Monday, March 28, 2011

AAUP Writes Letter to Northwestern Criticizing Protess Suspension

The national AAUP has written a letter to Northwestern University today about the suspension of David Protess, which I wrote about last week. Hundreds of former students of Protess, such as the Nation's Ari Berman, have spoken out against Northwestern's decision. The Northwestern administration gave a "no comment" in response to my query about the Protess suspension.

Here is the full text of the AAUP letter:

Dear President Schapiro:

Dr. David Protess, professor in the Medill School of Journalism, has consulted with our Association as a result of the decision earlier this month by Dean John Lavine to remove him from teaching his assigned course in investigative journalism in the spring quarter (which begins today). Professor Protess reports that the notification of his suspension came without warning, that no stated explanation for it has thus far been provided, and that it is being imposed without affordance of opportunity for an independent faculty hearing.

Under Regulation 7a of our Association's enclosed Recommended Institutional Regulations on Academic Freedom and Tenure, incorporated in all essential respects in Northwestern University's official policies, if the administration "believes that the conduct of a faculty member ... is sufficiently grave to justify the imposition of a severe sanction, such as suspension from service for a stated period, the administration may institute a proceeding to impose such a severe sanction." The proceeding, akin to one in which dismissal is sought, is to be an adjudicative hearing of record before an elected faculty body in which the administration bears the burden of demonstrating adequacy of cause for the sanction it seeks to impose. See our enclosed report, On the Use and Abuse of Faculty Suspensions.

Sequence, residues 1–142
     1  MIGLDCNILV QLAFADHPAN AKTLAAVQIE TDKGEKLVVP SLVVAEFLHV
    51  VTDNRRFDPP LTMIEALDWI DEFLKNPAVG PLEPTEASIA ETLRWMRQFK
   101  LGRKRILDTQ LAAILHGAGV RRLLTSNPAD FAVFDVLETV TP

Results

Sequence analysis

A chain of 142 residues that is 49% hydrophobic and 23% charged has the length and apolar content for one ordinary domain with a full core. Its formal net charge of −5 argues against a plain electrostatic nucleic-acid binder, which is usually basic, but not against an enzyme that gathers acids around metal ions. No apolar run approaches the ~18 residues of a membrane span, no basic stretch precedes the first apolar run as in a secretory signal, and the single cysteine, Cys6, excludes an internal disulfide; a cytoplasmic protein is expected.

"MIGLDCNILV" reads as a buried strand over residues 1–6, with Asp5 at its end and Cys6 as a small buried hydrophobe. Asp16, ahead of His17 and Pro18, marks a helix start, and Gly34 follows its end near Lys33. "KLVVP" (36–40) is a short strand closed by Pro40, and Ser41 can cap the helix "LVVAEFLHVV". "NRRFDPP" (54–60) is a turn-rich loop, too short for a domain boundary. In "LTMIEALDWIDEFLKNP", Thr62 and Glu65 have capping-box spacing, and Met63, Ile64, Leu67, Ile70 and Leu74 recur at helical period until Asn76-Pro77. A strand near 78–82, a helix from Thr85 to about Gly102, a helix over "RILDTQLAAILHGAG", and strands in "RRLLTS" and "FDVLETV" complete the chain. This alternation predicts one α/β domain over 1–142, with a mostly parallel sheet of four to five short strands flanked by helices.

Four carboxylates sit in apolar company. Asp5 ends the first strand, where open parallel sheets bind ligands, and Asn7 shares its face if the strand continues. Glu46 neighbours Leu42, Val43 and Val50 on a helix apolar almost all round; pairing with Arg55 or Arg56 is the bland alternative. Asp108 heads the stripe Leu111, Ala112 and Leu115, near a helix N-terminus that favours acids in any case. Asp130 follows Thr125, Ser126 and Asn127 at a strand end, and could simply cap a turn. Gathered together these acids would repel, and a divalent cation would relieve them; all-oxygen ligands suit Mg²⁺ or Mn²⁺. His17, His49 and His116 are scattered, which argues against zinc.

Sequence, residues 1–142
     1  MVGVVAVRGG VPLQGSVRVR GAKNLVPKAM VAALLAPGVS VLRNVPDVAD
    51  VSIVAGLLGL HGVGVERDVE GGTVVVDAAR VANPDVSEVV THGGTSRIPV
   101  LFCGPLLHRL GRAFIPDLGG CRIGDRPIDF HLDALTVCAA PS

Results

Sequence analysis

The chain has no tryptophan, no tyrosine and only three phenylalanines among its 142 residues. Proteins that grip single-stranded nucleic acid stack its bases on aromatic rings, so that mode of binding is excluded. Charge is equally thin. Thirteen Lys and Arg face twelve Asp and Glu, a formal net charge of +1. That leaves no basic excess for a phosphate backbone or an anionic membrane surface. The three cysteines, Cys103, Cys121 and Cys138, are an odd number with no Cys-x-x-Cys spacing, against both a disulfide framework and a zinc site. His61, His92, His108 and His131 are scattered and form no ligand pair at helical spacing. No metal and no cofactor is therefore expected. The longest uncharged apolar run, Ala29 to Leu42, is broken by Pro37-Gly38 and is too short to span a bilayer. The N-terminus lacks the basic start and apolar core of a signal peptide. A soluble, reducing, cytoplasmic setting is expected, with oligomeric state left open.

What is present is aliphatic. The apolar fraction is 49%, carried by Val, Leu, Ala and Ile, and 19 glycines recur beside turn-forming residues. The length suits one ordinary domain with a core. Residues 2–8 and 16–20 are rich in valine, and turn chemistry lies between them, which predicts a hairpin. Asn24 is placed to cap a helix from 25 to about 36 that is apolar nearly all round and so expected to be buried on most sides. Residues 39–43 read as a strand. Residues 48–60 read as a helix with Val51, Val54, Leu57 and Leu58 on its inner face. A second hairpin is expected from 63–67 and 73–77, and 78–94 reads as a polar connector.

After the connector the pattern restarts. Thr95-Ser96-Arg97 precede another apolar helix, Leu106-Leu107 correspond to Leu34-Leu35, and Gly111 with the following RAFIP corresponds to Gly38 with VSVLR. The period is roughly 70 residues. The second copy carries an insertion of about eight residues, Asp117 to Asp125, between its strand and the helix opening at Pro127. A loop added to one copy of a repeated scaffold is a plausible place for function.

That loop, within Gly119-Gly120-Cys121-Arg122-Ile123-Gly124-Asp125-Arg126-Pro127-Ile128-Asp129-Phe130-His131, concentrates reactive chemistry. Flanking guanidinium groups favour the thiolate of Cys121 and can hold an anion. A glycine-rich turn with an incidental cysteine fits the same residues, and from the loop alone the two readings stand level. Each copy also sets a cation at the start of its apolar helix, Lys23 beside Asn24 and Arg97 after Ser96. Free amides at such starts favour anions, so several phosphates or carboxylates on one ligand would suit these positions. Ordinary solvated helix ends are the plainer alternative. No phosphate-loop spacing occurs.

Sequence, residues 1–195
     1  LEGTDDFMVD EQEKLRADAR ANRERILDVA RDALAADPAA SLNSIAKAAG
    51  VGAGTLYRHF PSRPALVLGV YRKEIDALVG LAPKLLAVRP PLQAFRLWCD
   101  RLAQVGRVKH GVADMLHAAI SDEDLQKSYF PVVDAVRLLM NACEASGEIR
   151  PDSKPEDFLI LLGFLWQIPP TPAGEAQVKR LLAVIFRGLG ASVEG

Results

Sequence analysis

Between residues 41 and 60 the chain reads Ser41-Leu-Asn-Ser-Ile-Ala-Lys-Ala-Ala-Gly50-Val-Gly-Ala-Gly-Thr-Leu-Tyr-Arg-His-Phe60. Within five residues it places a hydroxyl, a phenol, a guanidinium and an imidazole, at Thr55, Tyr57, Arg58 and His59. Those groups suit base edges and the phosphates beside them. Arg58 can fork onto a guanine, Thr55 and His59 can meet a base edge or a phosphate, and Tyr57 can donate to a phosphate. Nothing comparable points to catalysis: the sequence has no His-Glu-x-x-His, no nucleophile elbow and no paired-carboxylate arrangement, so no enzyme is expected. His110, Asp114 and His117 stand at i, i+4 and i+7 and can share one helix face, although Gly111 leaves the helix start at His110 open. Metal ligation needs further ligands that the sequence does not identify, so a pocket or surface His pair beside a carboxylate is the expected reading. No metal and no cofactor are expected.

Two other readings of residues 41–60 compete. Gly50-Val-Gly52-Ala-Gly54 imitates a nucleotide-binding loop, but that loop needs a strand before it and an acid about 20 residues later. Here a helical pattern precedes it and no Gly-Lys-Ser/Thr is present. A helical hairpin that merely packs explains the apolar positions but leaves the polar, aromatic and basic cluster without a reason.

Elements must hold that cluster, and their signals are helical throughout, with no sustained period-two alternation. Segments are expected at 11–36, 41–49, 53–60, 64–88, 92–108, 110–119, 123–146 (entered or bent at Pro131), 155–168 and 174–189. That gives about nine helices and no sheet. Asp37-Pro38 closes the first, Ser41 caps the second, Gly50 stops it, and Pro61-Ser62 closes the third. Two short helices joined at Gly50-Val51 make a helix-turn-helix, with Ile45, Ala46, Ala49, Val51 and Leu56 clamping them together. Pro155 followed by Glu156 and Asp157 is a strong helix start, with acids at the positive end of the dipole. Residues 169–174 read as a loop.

Our concerns in this matter are heightened by press accounts of the events which preceded Professor Protess's suspension, particularly a longstanding conflict between him and the dean which reached a head only days before his removal from the course that was about to begin. These accounts suggest to us the possibility that the decision to remove Professor Protess from the course may have been taken for reasons that violate his academic freedom.

The information in our possession relating to the case of Professor Protess has come to us primarily from him, and we realize that those at Northwestern with administrative responsibilities may have additional information that would contribute to our understanding of what has occurred. We shall therefore welcome your comments. If the facts as we have recounted them are essentially accurate, we urge, absent demonstrated cause or threat of immediate harm, that Professor Protess be informed of reinstatement as soon as feasible to his regular teaching duties.

B. Robert Kreiser
Associate Secretary

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